Evaluating the relationship between CHC factors and executive functioning

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dc.contributor.advisor Davis, Andrew S.
dc.contributor.author Roberds, Elizabeth L.
dc.date.accessioned 2015-05-13T15:22:26Z
dc.date.available 2015-05-13T15:22:26Z
dc.date.issued 2015-05-02
dc.identifier.uri http://cardinalscholar.bsu.edu/handle/123456789/199524
dc.description.abstract In this study, the relationship was explored between the CHC factors of intelligence, as measured by the Woodcock-Johnson III Tests of Cognitive Abilities (WJIII- Cog), and executive functioning, as measured by the Tower Test and Color-Word Interference Test from the Delis-Kaplan Executive Function System (D-KEFS). Participants were 64 undergraduate students (female, n = 38; male, n = 26), with a mean age of 19.88 years. Results of canonical correlation analysis, including subtests of the WJ-III-Cog and scores from the D-KEFS, indicated a significant model with a canonical correlation value of .57 and a canonical R2 of 0.33. All WJ-III-Cog and D-KEFS variables were associated with their canonical variates. Numbers Reversed from the WJ-III-Cog and Color-Word Interference Test Condition 3 (Inhibition) from the D-KEFS had the highest correlations with their canonical variates, implicating these tests as important contributors to the relationship. Linear regression analysis indicated a significant model in which Verbal Comprehension, Numbers Reversed, Sound Blending, Visual-Auditory Learning, Visual Matching, Spatial Relations, and Concept Formation as predictor variables account for approximately 23.4% of the variance in the Color-Word Interference Test Condition 3 (Inhibition) score. The results overall suggest that despite a clear relationship between executive function and cognitive ability, much variance between the D-KEFS and WJ-III-Cog remains unaccounted for. This study may be considered an appropriate preliminary analysis of the relationship between intelligence and executive functioning using these measures, though future research with additional populations is suggested. These findings have implications for evaluation and intervention planning within the educational setting. en_US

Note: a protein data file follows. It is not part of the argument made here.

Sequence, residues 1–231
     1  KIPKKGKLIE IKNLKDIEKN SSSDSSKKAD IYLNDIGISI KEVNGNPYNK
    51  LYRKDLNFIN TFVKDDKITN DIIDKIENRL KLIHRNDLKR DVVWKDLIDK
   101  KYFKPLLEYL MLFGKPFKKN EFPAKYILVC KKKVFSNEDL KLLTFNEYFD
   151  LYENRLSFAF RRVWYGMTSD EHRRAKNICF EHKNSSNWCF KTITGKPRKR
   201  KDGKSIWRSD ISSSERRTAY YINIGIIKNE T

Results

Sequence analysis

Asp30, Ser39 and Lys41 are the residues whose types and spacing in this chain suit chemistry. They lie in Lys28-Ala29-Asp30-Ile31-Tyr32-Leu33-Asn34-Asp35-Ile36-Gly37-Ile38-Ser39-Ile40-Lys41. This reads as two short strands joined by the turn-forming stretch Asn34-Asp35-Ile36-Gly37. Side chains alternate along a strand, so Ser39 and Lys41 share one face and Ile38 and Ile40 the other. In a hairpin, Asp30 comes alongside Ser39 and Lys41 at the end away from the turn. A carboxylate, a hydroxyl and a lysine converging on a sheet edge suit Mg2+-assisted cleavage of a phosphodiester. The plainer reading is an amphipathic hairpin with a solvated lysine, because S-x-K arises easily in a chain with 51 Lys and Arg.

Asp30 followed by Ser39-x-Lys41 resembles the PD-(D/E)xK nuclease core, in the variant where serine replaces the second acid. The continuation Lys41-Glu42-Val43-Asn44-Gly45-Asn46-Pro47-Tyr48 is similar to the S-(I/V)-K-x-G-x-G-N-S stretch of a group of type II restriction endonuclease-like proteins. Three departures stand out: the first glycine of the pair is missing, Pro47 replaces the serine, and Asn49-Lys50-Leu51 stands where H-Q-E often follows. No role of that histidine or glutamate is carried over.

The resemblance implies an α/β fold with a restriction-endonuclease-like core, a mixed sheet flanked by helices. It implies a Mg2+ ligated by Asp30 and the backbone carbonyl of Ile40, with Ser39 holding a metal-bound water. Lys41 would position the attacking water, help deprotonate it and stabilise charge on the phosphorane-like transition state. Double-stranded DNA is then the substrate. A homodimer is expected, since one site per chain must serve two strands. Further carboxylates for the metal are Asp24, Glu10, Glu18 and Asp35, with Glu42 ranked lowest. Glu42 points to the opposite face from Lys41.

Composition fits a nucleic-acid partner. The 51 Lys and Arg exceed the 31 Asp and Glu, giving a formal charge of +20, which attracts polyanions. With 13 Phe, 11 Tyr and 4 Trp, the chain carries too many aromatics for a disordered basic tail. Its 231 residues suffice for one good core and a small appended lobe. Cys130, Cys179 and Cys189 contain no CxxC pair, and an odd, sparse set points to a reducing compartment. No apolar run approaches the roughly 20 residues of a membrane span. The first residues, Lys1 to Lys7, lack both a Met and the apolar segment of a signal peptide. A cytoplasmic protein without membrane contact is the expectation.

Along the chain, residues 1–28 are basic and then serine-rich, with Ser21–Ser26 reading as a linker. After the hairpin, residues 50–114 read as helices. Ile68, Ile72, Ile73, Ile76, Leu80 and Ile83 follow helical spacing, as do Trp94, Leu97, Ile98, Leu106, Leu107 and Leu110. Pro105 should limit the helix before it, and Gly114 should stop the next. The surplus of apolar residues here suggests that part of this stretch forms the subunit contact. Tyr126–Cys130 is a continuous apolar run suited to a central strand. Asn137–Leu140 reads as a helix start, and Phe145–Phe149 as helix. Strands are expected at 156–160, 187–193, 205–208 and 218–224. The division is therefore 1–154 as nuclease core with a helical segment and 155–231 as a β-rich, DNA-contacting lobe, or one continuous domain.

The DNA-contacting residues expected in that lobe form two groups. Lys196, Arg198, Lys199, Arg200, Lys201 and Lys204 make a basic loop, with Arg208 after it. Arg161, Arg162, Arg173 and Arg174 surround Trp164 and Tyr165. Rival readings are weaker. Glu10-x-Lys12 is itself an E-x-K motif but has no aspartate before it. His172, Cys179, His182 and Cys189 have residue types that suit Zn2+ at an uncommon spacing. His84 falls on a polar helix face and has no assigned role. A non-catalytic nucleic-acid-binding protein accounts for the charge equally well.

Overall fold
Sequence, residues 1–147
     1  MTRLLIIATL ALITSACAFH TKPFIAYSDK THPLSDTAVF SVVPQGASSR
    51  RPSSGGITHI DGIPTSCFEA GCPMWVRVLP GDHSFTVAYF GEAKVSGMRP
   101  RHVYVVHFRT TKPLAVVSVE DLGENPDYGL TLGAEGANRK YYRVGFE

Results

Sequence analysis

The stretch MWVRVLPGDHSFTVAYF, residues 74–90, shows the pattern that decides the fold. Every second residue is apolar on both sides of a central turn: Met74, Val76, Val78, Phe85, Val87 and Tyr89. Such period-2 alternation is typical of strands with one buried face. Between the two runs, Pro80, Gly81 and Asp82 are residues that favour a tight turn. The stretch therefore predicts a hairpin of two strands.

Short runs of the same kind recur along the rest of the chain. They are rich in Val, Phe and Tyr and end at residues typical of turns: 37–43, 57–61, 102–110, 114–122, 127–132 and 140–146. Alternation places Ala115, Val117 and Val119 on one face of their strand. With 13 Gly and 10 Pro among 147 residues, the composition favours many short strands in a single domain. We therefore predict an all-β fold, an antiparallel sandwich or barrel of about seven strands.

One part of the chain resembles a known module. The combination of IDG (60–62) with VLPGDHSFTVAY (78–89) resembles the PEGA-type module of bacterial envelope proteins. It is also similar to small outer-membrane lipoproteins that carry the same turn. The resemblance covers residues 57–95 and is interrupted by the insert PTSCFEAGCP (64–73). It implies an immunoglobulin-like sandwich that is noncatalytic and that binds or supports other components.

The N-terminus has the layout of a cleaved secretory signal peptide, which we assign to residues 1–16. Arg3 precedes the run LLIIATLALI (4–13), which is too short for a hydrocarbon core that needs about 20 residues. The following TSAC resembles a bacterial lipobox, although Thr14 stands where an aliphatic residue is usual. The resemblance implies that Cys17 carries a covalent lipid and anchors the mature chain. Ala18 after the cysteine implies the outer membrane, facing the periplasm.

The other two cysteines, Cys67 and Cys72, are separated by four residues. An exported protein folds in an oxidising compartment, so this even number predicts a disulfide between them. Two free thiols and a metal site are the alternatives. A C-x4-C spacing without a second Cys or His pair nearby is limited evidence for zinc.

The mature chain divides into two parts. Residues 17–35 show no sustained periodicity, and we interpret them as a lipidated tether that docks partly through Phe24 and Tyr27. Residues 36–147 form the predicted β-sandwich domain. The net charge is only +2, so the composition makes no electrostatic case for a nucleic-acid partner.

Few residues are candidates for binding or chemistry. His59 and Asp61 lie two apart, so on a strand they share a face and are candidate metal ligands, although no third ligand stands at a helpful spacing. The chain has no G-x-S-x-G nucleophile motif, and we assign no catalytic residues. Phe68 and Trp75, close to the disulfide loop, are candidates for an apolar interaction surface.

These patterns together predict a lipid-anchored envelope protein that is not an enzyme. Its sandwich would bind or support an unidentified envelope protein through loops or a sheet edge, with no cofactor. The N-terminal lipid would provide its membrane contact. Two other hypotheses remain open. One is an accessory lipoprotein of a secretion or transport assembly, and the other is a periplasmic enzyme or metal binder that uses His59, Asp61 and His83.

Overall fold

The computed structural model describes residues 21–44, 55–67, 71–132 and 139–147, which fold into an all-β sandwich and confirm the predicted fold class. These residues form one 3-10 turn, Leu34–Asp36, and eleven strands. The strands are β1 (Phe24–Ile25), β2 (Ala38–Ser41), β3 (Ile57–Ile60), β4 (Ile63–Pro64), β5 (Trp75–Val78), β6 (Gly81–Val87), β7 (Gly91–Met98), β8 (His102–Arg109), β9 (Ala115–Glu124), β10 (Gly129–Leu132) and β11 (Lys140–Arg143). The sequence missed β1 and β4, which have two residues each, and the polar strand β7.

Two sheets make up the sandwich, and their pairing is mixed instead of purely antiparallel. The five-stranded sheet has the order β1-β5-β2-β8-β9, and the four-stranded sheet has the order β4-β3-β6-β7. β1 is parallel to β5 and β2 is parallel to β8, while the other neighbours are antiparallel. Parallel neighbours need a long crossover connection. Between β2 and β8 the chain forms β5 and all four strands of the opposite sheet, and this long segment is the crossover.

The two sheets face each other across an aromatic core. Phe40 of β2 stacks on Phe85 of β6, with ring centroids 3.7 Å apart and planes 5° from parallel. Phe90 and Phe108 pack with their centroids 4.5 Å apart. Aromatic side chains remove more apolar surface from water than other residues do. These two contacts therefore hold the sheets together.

dc.description.sponsorship Department of Educational Psychology
dc.subject.lcsh Woodcock-Johnson Tests of Cognitive Ability.
dc.subject.lcsh Executive functions (Neuropsychology) -- Testing.
dc.subject.lcsh Young adults -- Psychological testing.
dc.title Evaluating the relationship between CHC factors and executive functioning en_US
dc.title.alternative Evaluating the relationship between Cattell-Horn-Carroll factors and executive functiong
dc.title.alternative Intelligence and executive functioning
dc.description.degree Thesis (Ph. D.) en_US
dc.identifier.cardcat-url http://liblink.bsu.edu/catkey/1784276

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  • Doctoral Dissertations [3248]
    Doctoral dissertations submitted to the Graduate School by Ball State University doctoral candidates in partial fulfillment of degree requirements.

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